A new paperback by Thomas Jerome Seabrook chronicles David Bowieâ€™s three year sojourn in Berlin and the resulting albums, Low, Heroes and Lodger. Bowie In Berlin also documents his relationship with Brian Eno, Robert Fripp and Tony Visconti, discussing many of their recording techniques including Enoâ€™s Oblique Strategies and Visconiâ€™s love affair with the Eventide.
The book deconstructs each track on Low and Heroes with musicians and gear listed in some detail. It highlights the extensive use of the Chamberlin, Mini Moog and ARP 2600 as well as Enoâ€™s EMS processing of Frippâ€™s guitar.
Bowieâ€™s vocal inspirations,Syd Barrett and Anthony Newley come in for examination as do the influence of Kraftwerk and Can. The book also finds time to detail Bowieâ€™s relationship with Iggy Pop and his reinvention as The Idiot and provides a track by track analysis of Lust For Life.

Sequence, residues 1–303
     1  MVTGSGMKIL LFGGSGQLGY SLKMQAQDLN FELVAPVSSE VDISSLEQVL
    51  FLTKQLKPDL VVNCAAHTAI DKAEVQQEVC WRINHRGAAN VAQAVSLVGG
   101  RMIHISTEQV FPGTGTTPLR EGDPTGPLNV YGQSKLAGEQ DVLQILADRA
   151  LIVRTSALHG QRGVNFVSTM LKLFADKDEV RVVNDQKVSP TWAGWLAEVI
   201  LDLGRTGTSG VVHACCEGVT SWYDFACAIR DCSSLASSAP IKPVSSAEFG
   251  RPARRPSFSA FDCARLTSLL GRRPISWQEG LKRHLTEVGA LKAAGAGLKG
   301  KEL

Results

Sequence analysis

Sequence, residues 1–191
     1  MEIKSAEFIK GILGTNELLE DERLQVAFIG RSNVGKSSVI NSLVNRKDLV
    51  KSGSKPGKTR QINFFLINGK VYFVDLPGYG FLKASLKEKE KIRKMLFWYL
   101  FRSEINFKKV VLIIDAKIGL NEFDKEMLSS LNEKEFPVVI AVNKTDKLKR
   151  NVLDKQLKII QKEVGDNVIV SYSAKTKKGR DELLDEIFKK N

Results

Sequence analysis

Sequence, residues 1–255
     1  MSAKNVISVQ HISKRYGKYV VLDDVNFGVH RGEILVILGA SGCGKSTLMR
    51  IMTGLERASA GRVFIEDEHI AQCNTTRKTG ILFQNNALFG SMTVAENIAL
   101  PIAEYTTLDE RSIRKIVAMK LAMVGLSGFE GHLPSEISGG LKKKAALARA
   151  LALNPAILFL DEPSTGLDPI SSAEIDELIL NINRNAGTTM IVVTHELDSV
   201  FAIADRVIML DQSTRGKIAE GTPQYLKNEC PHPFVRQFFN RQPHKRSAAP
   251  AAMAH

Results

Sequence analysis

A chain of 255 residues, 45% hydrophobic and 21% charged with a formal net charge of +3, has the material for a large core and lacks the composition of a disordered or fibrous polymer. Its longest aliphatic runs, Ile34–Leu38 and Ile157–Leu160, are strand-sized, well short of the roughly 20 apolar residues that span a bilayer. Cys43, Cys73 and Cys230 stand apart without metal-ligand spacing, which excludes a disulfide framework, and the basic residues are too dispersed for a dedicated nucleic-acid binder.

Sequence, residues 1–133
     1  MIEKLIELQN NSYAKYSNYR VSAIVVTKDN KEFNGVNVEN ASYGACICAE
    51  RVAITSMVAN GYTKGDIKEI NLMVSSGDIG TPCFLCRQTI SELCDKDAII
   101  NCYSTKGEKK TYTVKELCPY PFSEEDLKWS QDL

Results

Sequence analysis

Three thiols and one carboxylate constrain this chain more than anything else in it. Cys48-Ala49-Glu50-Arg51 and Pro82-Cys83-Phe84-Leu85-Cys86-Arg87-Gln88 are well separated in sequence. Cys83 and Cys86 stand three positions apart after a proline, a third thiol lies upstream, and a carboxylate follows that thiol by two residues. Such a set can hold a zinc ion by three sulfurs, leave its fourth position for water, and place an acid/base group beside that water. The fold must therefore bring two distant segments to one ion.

But the overriding message is Bowieâ€™s desire to shake off the spectre of Ziggy Stardust while forging this New Career In A New Town.
Itâ€™s worth pointing out that much of Low was recorded in France and Lodger was ostensibly a New York album, but Seabrook appears to be offering â€˜Berlinâ€™ as â€˜a state of mindâ€™ rather than a physical place.
Although some of the content may be common knowledge to ardent fans, the book works as an overview of an intensely creative period set as a paradox to the excesses of Bowieâ€™s drug fuelled L.A. psychosis.
For a cattle prod reminder of the Thin White Duke's interstellar X factor check out this clip from cult 80â€™s film Christian F below and Heroes from his 2006 Glastonbury set above.
Jawbone Press also publish a wide range of muso friendly books including The Sound Reinforcement Handbook, Make Money With Your Studio, Music For New Media and The Musicianâ€™s Ultimate Joke Book. Check out their summer catalogue through their site or from Jawbone Press, 2a Union Court, 20-22 Union Road, London SW4 6JP.
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